Comics are layered with such rich history and have naturally coincided with political issues since their origins. We can think about the rise of DC Comics’s Superman during the mid 30s and talk about how he was a heroic image at a time when people needed to fix on ideas of super human strength and of a savior. Popular culture today acts in a similar way, especially after the US election.
So much has happened to us americans since January 20th, 2017 that it has been astonishing to view the rise in populism and nationalism from literally all around the world. However, out of this moment, it truly is inspiring, at least on my end, to see how artists and creative people alike have banded together to rise against harmful narratives and images of others. Your reviews on PEN America’s State of Emergency series touches on each artist’s unique response to the many events happening around the world. As a fellow writer and reviewer to another writer and reviewer, have the current events impacted the way you approach comics for review? Has it influenced what and how you want to review?
What advice can you give to new reviewers who would like to review comics and/or other graphic arts that have a political slant?
I am so glad you asked this. My ‘liberal white bubble’ got popped big time with this election. Last winter, on top of hearing about politics daily, I had the honor of taking a Race in American Politics class from a badass (she didn’t mince words and has forever changed how I look at the world) Latina female Associate Professor (one of only 4%) who specializes in Latino/a studies. WHAT AN EYE OPENING EDUCATION! After that class I felt alive in so many ways but beyond heart broken. I’d like to think that most of the people in my circle are pretty aware of systematic racism but it really is so much deeper then you are led to believe.
Now to really tie this in to the question… I have always been interested in the fact that comics had a political origin and in fact WWII is one of my favorite topics to learn about and I was fairly familiar with the use of comics as propaganda. As I mentioned before, I’m also really into the Bronze Age of comics which have more of a dark and political tone to them. But I never really read them for the politics. I guess I read them because they felt more real to me. I haven’t written in 4 months or frankly read any comics. If 45 is anything, he’s very distracting. I’m not a doctor but consuming news every chance you get IS NOT HEALTHY. As part of my lengthy hiatus I’ve thought a lot about how I can combine my passion for comics and politics and in many ways Black Lion Journal has really made me more excited and comfortable to pursue this next chapter in my writing. The first review I have planned now that I’m back is on ‘They Have Issues: Tales From Comic Book Stores’ created by 18 women and non-binary cartoonists. From there I’m going to find as many comics as I can written by women, P.O.C., and from people in the LGBTQ community and really try to highlight the politics of all the the comics I review. I really don’t want it to come off as whitesplaing so I hope to reach out to creators of color and get their insight on politics in comics and to take an approach that calls out white privilege in geek culture. This sounds wildly ambitious, but important, to me at least.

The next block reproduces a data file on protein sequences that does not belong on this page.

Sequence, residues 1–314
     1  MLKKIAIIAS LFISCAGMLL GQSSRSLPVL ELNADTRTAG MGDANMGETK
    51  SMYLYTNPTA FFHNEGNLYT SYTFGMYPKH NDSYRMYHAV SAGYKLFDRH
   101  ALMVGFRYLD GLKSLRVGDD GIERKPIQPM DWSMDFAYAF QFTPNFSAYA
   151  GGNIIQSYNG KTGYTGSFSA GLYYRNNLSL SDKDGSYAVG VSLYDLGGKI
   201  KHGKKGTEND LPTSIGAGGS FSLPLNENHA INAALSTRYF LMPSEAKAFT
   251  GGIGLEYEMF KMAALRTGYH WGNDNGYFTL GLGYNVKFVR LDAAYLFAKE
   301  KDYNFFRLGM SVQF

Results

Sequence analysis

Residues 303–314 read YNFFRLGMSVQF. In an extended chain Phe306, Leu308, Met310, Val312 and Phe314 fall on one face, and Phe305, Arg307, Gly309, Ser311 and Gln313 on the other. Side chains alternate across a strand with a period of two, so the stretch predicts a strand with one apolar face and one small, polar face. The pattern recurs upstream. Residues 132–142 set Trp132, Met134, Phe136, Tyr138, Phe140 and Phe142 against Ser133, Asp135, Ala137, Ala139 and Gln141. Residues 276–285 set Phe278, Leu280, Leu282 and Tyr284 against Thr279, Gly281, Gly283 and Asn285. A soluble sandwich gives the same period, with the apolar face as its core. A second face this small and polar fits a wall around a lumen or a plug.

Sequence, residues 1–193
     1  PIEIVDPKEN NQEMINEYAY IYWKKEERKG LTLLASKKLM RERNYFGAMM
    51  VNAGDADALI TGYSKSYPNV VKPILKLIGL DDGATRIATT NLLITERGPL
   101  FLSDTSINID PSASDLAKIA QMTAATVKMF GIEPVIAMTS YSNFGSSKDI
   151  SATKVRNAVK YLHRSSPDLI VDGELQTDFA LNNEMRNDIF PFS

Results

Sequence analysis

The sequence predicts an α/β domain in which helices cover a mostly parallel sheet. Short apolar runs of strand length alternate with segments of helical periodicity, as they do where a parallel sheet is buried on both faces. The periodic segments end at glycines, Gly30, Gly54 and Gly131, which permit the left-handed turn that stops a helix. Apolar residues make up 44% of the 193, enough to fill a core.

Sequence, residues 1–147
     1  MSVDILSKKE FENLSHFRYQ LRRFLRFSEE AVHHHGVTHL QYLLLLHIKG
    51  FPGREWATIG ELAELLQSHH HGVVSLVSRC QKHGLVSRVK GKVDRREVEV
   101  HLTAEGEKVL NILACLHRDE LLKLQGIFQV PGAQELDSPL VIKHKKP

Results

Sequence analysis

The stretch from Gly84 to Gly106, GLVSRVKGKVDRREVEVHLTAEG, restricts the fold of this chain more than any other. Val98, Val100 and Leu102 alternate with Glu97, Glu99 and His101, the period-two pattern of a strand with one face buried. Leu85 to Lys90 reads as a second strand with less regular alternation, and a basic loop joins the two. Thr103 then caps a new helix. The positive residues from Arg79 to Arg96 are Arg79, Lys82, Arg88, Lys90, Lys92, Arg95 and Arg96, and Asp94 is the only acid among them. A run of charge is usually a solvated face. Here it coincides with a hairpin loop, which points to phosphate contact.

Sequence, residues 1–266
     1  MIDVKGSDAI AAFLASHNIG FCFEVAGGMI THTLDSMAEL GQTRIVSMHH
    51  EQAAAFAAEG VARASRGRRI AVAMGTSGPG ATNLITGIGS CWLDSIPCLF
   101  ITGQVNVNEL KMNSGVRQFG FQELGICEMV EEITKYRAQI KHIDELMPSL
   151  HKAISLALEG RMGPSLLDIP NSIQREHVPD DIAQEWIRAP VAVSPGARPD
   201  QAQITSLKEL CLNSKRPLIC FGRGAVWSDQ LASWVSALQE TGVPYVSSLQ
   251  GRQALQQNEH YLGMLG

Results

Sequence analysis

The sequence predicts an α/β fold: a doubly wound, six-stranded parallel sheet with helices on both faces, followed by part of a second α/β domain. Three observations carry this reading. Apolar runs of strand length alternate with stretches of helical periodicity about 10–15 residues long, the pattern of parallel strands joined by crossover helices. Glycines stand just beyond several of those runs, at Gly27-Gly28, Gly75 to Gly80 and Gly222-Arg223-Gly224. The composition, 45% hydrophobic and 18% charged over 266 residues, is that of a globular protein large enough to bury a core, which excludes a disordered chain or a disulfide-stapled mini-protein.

Be honest with yourself and your readers. Politics are a touchy subject that make people feel very uncomfortable, but what many of us call ‘politics’ is real life to most. I urge those reviewers to not shy away from the painful and scary stuff. If you have the ability to use your voice for good, even if it’s reviewing comics or whatever it is you love, you should. To all my fellow white cisgendered reviewers out there, educate yourself, listen to leaders of color in the movement and realize that you will never ‘understand’ or know enough. Know your sources and don’t hold back.
I always take the opportunity to ask bloggers a question about blogging because I think it’s a topic of importance. Why blogging? What inspired you to start a blog?
What top three suggestions on blogging and reviewing can you give newbies who are starting from scratch?
To be honest, I tried to do a weekly geek news YouTube channel under the same name and felt so miserably self conscious about it. At that time I was really getting more into comics vs graphic novels so the weekly trip to my local comic book store and a subscription to comixology made it so comics were always on my mind. I needed a hobby and one day I just tried blogging, I really liked it and so strived to make it a consistent thing in my life. I had some hang ups with writing because I have mild dyslexia and am really a terrible terrible speller but a couple of friends and family members said they enjoyed my writing style so that really provided me with the encouragement I needed. I assume I’ve been doing something right because it seems to be working.
Patience for yourself and for growth of your blog
Be passionate, you’ll write best about what drives you
Finally, where do you see yourself professionally and creatively in about 5 years?
I’m in the process of earning my B.A. in Anthropology with a focus on globalization and a minor in Political Science. Where this leads me I’m not sure but hopefully to a non profit or government work. Creatively I still hope to be doing something with comics and politics but on a bigger scale, with more knowledge and hopefully with some friends.
Thank you, Rachel, for answering these (somewhat wordy) questions! I truly appreciate you and your time! I hope that you have found some inspiration from Rachel’s words!